Resolution for 2014: Do away with diets forever

di-et (n)

1. The usual food and drink of a person or animal.
2. A regulated selection of foods, for cosmetic weight loss.

It’s no secret that the Western world has a burgeoning obesity problem – an astonishing 75% of British adults today are classed as overweight. Chances are, the situation in the global Jewish community is just as bad, if not worse, and as a nation, we will be dealing with the health implications of this for decades to come. Clearly something needs to change.

But if I had my way, the second definition of the word ‘diet’ as outlined above would be banished from the dictionary. You might think that’s a rather self-defeating attitude for a Weight Watchers leader to take, so here’s what I mean. It seems to me that the term ‘diet’ indicates a short-term, quick fix – cut out a major food group from your daily menu, lose a stone, fit into the dress, and then go imageback to ‘eating normally’ again. But that doesn’t solve anything! Most people following these sort of ‘diet plans’ ultimately end up heavier than they were to start with, and they mess up their metabolisms as well.

The only real, long-lasting solution to the perpetual problem of ‘excess baggage’ is to learn to eat ‘normally’.

Take the analogy of reading. Many of us enjoy a good book, but when other chores are pressing most of us naturally understand that we need to close the book and put it to one side – we certainly don’t throw the book in the bin simply because it’s time to do other things. That would be ridiculous.

This, my friends, is the difference between a crash diet and a heathy eating plan. If you unyieldingly decide to cut out those little treats you really enjoy from your life, ‘ban’ certain foods from your home and severely restrict your calorific intake when it comes to losing weight – that’s the culinary equivalent of chucking your novel into the wheelie bin instead of putting it away on the bookshelf until your next reading break. Whereas if you learn to enjoy those treats in moderation, resign yourself to losing weight at a steady, but slow (think 0.5 to 2lb a week) rate and rein in your portion sizes, you will set yourself up for a lifetime of healthy and enjoyable eating habits.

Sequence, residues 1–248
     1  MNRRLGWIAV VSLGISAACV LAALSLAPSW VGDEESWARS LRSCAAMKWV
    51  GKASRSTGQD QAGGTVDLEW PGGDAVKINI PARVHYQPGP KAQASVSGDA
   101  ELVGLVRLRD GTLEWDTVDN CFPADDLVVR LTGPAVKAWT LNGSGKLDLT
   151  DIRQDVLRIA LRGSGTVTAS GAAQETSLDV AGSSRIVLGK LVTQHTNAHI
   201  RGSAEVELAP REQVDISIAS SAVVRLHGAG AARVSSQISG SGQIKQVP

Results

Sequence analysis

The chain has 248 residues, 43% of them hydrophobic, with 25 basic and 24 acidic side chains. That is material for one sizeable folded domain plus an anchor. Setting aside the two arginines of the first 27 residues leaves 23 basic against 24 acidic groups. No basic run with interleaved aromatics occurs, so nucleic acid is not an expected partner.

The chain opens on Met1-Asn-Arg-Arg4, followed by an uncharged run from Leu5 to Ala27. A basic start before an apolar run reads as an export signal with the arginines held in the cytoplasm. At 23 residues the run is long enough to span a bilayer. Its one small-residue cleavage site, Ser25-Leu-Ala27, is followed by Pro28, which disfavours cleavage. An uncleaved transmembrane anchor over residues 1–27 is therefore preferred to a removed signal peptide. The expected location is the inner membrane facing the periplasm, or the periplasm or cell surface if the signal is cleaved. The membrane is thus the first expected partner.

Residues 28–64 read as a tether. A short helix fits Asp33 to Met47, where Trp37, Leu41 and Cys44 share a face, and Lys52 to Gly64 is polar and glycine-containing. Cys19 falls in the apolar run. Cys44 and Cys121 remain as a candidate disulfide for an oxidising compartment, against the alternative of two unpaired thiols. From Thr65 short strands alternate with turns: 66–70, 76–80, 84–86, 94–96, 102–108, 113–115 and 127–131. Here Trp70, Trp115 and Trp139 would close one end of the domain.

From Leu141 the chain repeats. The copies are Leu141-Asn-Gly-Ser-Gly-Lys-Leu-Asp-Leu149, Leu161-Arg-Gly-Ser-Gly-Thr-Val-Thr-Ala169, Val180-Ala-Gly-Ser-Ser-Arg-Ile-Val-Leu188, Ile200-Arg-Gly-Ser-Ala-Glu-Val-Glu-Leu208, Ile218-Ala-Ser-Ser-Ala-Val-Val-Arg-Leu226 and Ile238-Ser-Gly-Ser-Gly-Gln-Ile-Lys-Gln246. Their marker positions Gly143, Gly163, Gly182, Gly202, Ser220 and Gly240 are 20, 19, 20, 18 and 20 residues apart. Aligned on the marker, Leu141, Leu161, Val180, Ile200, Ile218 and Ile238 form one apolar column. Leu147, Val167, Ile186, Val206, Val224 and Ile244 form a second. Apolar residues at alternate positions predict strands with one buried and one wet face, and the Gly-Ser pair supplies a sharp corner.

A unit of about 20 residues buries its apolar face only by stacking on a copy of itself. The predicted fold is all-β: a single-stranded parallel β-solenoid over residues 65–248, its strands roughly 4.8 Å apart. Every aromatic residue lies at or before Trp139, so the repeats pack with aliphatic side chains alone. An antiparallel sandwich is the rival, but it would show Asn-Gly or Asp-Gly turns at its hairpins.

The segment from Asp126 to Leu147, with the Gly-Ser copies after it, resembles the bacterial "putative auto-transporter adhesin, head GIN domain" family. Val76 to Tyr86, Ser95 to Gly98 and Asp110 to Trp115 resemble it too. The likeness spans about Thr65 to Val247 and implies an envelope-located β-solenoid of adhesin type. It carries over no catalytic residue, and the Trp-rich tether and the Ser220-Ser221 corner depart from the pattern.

You really only need to implement four simple measures in order to set the ball rolling when it comes to losing weight.

Learn to regulate your portion sizes. We have outrageous expectations of what constitutes a normal portion in this ‘supersized world of ours. Buy yourself a smaller plate if it helps, and follow the guidelines on the back of the packet so you know how much the average person should be eating at a meal.

Keep track of everything you eat. We are absolutely expert at kidding ourselves when it comes to the food we put in our mouths. It’s so easy to ‘forget’ that extra chocolate bar or delete the leftovers we filched from our kids from our memories. Writing everything down, with scrupulous honesty, means you’re much more likely to self-regulate.

Plan in advance so that you always have healthy, filling and tasty foods within reach. An empty cupboard and an empty stomach at the end of a long day is a lethal combination that will send you hurtling into the arms of the nearest pastry as soon as the opportunity presents itself!

Find yourself a support system – don’t try to go it alone. An overwhelming temptation for unhealthy food may always be lurking in the background, but if you surround yourself with healthy eating peers and mentors, you will find it much easier to stay firm and stand your ground.

The final, and most crucial factor is to learn to accept that these changes you make are yours to hang on to forever. If you can honestly say that chocolate need never feature in your life again from now until 120, then go right ahead and banish it. But most of us, I think, will not fall into that category. So allow yourself a little of what you enjoy, while eating healthily and sensibly the rest of the time, and banish that ‘diet’ forever.

About the Author
Judy Silkoff is a wife and mother of four residing in North West London. With a degree in English literature Judy had a career as a freelance journalist for a range of Jewish publications before moving into the charity world. She now works full-time for a communal organisation while running a weekly Weight Watchers meeting in Hendon, NW London. Helping her members achieve their weight loss goals is her passion, and Judy considers her own weight loss and lifestyle changes to be one of her greatest achievements, after her family.
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